NYU eventually sought to put in a breezeway between Fortelni’s building and the NYU building to create an entrance so that students might pass between them as they traveled around campus. The breezeway would run directly into the building, opening into the building’s basement and creating additional points of entry. This would, essentially, gut a hole into Fortelni’s beautiful, preserved building. It would also allow for several hundred people to walk through the lower level between buildings, herding heavy noise and foot traffic right to the residents’ doorsteps. As Fortelni described it, it would also force the residents to surrender control over who could enter their building, their home. To say the least, it was an unwelcome and unfair intrusion that none had anticipated, threatening the harmony—and property value—of their beloved building.

Fortelni, protective of the building and its residents, sought to rectify this, discussing with several law firms his options. He was told by all that he was “wasting his time” and that “the language is written in such a way that it gives them [NYU] all the rights.” The lawyers with whom he spoke believed he had little chance—less than 1%, in fact—of winning such a litigious case against a powerful institution.

But then, a friend of Fortelni mentioned Adam Leitman Bailey, P.C.: “You know what? There’s this one law firm that probably can help you, even though your case seems to be hopeless.” Fortelni took a chance and reached out, and rather than watching a construction crew pave a new path through his building, Fortelni worked with Bailey to pave a different path—to victory.

Bailey’s Brilliant Battle Back

Fortelni describes Bailey as one of those rare people who is simply brilliant and takes different approaches to problem-solving. He says every field has a few of them, those unique minds who can look at a situation, dig into it, turn it on its head and produce an unexpected solution.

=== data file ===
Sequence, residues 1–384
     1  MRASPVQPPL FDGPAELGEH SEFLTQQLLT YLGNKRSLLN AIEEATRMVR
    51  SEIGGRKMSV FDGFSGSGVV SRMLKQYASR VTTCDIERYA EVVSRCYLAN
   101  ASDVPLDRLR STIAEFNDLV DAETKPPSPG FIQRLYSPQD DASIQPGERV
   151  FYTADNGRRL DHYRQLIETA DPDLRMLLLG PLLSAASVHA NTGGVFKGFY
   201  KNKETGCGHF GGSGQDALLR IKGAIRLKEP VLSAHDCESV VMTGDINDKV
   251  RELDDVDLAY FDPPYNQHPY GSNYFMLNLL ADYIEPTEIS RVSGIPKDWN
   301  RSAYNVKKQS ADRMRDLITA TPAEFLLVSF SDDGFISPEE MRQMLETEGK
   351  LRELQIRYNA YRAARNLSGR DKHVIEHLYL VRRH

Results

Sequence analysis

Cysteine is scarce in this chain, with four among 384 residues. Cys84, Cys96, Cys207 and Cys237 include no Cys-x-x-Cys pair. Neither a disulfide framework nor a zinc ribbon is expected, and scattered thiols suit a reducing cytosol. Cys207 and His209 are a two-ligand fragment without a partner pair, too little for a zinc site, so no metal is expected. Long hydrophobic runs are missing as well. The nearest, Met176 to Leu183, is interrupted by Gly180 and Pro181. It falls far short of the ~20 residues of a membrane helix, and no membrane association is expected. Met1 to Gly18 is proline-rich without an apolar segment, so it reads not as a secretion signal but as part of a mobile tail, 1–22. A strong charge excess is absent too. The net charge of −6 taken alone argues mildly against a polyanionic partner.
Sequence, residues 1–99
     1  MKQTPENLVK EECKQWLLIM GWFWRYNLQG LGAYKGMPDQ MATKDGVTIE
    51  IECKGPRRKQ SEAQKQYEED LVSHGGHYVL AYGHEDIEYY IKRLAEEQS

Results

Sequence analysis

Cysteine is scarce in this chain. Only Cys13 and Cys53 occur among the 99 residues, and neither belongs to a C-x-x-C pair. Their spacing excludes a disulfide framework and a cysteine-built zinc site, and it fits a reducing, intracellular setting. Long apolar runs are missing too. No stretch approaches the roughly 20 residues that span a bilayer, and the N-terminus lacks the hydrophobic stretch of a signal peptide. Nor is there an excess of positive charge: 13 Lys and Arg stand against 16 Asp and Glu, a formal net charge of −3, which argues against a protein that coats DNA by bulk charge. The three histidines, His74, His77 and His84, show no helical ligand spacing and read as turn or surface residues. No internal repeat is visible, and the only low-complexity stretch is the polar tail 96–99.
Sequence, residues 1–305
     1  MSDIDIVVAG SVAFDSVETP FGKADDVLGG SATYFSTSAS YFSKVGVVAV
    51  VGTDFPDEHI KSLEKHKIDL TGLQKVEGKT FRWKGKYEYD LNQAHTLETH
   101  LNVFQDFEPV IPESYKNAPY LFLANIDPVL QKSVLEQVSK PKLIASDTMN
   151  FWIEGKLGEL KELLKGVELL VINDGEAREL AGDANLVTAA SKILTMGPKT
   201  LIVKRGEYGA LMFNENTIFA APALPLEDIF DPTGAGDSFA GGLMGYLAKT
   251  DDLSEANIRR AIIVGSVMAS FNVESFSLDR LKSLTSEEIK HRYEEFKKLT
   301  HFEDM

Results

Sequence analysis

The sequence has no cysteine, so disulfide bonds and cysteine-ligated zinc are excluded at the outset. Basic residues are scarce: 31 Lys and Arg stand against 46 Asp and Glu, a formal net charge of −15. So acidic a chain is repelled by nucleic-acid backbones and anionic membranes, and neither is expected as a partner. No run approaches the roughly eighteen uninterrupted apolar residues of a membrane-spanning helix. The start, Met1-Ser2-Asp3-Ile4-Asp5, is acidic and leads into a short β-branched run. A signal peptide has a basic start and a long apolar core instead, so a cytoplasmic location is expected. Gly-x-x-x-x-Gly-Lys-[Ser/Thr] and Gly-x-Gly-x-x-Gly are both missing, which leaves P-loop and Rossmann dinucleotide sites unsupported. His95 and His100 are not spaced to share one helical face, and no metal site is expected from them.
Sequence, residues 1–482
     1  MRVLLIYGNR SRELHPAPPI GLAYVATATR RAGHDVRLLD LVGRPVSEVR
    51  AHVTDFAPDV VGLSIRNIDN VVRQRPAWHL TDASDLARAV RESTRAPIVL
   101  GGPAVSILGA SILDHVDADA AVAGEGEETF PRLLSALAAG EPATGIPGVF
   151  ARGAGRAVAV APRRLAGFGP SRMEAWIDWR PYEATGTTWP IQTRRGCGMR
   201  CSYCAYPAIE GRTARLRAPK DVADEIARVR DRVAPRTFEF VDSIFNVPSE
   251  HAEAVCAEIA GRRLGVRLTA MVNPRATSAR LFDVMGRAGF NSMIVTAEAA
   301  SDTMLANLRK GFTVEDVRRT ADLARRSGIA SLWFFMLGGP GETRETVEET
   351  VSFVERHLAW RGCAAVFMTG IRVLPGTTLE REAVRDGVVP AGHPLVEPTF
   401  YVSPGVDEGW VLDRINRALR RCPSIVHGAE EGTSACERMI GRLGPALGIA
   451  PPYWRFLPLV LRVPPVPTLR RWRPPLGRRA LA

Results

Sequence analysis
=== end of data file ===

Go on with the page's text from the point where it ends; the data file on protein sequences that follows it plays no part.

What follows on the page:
Bailey and Fortelni sat down to again pore over the text that originally granted NYU the rights to access the Brownstone. This same text, which several lawyers had declared to be without any loopholes, reminded Bailey of something pivotal to the entire ordeal: the buildings involved were classic, famous, landmark feats of architecture, and NYU was proposing—quite literally—a blight on the foundation.

Bailey knew, from years of living and working in New York real estate, that the historical value was tantamount to the monetary value of these buildings, and NYU’s renovation plans would drastically compromise both.

Bailey got to work doing one of the things he does best—research. He dug through arsenals of paperwork—about New York, the history of the buildings, the Brownstones on 78th Street—and uncovered important facts about each that had long lay dormant.

The Hearings

NYU maintained that the bylaws allowed the owner of the commercial ground floor condominium to make alterations without the board’s consent, according to the New York Times. NYU representatives appeared before the area’s Community Board 8 and presented the plans, which were met with a hostile reception by building residents and the community. NYU representatives continued that, “The addition of the breezeway was included in large part to reduce the traffic in the main entrance in order to minimize impact to the condo residents.” Bailey appeared before Community Board 8, demonstrating how NYU had falsely represented itself in the application to the Landmarks Preservation Commission and never received permission from the cooperative to sign its name to any application.